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Calling the U.S. Supreme Court “extremist,” President Joe Biden held a virtual roundtable with nine Democratic governors Friday afternoon to discuss options in the wake of six conservative justices stripping the civil right of abortion from Americans. Biden promised he will protect women traveling across state lines to obtain an abortion and will protect women’s rights to FDA-approved abortion drugs.

The President, fresh off his NATO trip, called the Court overturning Roe v. Wade a “terrible extreme decision in my view, upending lives and impacting on the health and safety of millions of women.”

“I share the public outrage that this extremist court has committed to moving America backwards with fewer rights, less autonomy, and politicians invading the most personal decisions,” he added, echoing remarks he made in Madrid about the Court. The President warned that “if they expand on this decision” it will impact “men as well.”

“As I’ve said last week, this is not over. Last week, I announced two specific actions. First, if extremist governors try to block a woman from traveling from her state that prohibits her from seeking medical help she needs to a state that provides that care the federal government will act to protect her bedrock rights through the Attorney General’s Office. Second, if states try to block a woman from getting medication the FDA has already approved and has been available for more than 20 years, my administration will act and protect that woman’s right to that medication.”

The President warned that “ultimately, Congress is going to have to act to codify Roe into federal law. But as I said yesterday, the filibuster should not stand in the way of us being able to do that. But right now, we don’t have the votes from the Senate to change the filibuster on them at the moment. That means we need two more votes.”

“The choice is clear: either elect federal senators and representatives who will codify Roe or Republicans who will elect the House and Senate will try to ban abortions nationwide. Nationwide. This is going to go one way or the other after November. So let’s remember, the reasoning of this decision has an impact much beyond Roe and to the right to privacy more generally. Justice Thomas himself said that under the reasoning of this decision that the court should reconsider marriage equality and contraception and there’s a lot at stake here.”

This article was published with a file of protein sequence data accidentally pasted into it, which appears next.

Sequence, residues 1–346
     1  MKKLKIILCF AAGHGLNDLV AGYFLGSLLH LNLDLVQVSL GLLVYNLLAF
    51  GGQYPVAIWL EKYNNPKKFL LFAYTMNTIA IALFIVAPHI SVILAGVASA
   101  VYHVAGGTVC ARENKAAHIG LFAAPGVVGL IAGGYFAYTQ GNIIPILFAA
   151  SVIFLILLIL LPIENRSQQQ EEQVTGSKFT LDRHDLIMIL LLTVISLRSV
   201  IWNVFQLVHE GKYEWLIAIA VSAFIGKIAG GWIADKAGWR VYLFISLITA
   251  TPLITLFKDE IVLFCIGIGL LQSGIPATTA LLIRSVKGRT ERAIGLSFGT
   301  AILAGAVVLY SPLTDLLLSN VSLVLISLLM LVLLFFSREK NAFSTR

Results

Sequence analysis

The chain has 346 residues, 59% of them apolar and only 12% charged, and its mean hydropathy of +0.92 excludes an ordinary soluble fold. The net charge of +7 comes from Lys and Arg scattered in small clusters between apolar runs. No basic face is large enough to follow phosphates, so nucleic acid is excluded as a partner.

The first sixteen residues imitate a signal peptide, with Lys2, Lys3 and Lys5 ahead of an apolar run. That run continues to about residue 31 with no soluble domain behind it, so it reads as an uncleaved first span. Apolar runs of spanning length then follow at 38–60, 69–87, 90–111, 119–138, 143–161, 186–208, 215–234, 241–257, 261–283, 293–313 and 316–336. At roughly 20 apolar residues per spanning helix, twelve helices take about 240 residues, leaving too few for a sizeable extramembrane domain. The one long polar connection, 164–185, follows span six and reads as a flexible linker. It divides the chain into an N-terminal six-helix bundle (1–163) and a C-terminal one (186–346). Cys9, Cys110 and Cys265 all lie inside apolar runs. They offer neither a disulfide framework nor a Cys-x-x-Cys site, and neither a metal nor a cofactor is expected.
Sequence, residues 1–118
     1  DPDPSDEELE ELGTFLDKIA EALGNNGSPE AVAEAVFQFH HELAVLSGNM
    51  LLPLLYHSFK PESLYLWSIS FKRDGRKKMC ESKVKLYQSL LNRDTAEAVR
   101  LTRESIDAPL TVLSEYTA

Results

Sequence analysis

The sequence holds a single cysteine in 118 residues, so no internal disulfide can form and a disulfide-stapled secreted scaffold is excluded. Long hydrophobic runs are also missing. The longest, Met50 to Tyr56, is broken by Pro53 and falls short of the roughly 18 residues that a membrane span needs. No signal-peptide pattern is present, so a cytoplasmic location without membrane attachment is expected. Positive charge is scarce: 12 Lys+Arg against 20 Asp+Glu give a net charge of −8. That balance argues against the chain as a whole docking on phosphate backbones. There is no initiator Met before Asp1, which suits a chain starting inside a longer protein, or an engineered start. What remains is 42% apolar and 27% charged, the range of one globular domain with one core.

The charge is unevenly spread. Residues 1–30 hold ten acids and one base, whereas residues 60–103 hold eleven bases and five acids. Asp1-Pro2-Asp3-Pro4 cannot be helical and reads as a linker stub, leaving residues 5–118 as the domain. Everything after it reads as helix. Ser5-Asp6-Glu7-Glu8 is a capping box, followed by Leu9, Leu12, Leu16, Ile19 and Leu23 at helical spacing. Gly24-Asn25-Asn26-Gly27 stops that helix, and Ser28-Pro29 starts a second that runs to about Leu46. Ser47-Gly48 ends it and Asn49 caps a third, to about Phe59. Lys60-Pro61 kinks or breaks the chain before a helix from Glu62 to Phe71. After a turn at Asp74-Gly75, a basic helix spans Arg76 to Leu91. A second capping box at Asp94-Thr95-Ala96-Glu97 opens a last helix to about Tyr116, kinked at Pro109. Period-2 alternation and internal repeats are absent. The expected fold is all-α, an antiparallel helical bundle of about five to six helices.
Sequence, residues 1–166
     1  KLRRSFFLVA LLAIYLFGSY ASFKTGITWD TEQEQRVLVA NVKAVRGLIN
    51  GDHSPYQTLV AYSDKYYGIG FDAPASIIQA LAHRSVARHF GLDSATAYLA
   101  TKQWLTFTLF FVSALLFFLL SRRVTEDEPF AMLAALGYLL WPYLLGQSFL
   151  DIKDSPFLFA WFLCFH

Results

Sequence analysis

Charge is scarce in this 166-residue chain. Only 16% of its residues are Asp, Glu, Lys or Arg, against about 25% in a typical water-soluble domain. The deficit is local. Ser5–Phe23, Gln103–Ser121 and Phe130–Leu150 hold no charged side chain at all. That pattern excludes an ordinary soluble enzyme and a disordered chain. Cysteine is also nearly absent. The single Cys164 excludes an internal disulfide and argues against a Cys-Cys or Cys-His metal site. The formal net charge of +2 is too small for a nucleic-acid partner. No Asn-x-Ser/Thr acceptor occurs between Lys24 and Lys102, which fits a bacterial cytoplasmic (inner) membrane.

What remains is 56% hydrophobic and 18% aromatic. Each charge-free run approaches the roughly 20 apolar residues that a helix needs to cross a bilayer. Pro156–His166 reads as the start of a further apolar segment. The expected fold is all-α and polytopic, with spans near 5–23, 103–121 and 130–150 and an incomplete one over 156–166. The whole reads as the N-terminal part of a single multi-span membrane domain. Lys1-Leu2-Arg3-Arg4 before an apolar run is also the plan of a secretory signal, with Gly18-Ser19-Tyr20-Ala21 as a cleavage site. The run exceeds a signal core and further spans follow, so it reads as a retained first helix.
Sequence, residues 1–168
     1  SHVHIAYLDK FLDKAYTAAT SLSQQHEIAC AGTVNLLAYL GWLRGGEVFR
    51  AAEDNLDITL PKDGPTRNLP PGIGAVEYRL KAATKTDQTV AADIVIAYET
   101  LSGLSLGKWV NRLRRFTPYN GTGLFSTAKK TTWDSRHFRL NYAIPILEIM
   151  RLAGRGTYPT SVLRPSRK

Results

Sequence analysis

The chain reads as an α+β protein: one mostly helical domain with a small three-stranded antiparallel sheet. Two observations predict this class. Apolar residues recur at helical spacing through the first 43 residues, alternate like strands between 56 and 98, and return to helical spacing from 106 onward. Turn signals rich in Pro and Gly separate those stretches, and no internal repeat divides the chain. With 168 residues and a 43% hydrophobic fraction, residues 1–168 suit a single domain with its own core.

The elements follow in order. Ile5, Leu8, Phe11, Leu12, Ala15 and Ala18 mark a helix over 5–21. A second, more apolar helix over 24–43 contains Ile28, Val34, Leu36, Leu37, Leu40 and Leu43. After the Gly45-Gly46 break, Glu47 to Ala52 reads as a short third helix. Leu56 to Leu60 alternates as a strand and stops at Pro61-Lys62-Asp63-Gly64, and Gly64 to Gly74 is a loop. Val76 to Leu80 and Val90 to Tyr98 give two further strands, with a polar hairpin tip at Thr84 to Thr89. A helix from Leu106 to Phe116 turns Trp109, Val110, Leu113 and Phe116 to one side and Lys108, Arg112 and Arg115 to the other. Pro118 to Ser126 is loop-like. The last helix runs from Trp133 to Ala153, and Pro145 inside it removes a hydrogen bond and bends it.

\u201cPres. Biden said Congress needs to act to codify Roe v. Wade into law but that "right now, we don't have the votes in the Senate to change the filibuster."\n\n"We either elect federal senators who will codify Roe, or Republicans who will ... try to ban abortions nationwide."\u201d — CBS News (@CBS News) 1656697863

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    Hurricane Ian death toll rises to 100 as rescue and cleanup efforts continue

    “Emergency management directors do not have a crystal ball,” Guthrie said. “They made the best decision on the information they had at the time.”

    Gov. Ron DeSantis (R-Fla.) has likewise said local officials were making decisions based on what was known about the storm at the time.

    "The were following the data," DeSantis said at a press conference on Saturday.

    “And you remember, people were looking initially at the Panhandle on Sunday, then Monday came and people were thinking maybe north of Tampa Bay. When we went to bed Monday night, people were saying this is a direct hit on Tampa Bay, worst-case scenario for the state,” he continued. “As that track started to shift south, and the computer models, the next morning they called for the evacuation, they opened their shelters, and they responded very quickly to the data.”

    By Monday evening, DeSantis was calling on reporters to focus on the rescue effort rather than potential mistakes that were made before Ian devastated Florida's southwest coast. Hundreds of thousands of state residents remain without power, and that's if their homes are still standing at all.

    There are still 417,896 homes and businesses without power as of Tuesday, according to Officials expect power to be fully restored by Sunday where "infrastructure is still standing."

    An update from DeSantis' press office said the governor and first lady Casey DeSantis are traveling to areas impacted by the hurricane and meeting with survivors.

    "There are currently 42,000 linemen responding to the more than 428,000 reported power outages. They have already restored power to more than 2.2 million accounts across the state. There are currently 11 fueling depot stations open statewide, and a mobile fuel truck has been deployed to Arcadia to support residents without access to fuel," the release said.

    First Lady Casey DeSantis announced the Florida Disaster Relief Fund has raised more than $26 million to support recovery efforts.

    Many roads and bridges remain out of service due to flooding, the director of the Florida Highway Patrol told reporters Monday.

    "If you don’t need to be on the roadways, don’t be on the roadways," director Col. Gene Spaulding advised residents.

    "We still have several roadways that are under water. Keep in mind that just because the water recedes don't necessarily mean the roadway is safe to travel on. There is high likelihood of washouts under the asphalt, under the roadways. So please don't try to drive around barricades," he added.

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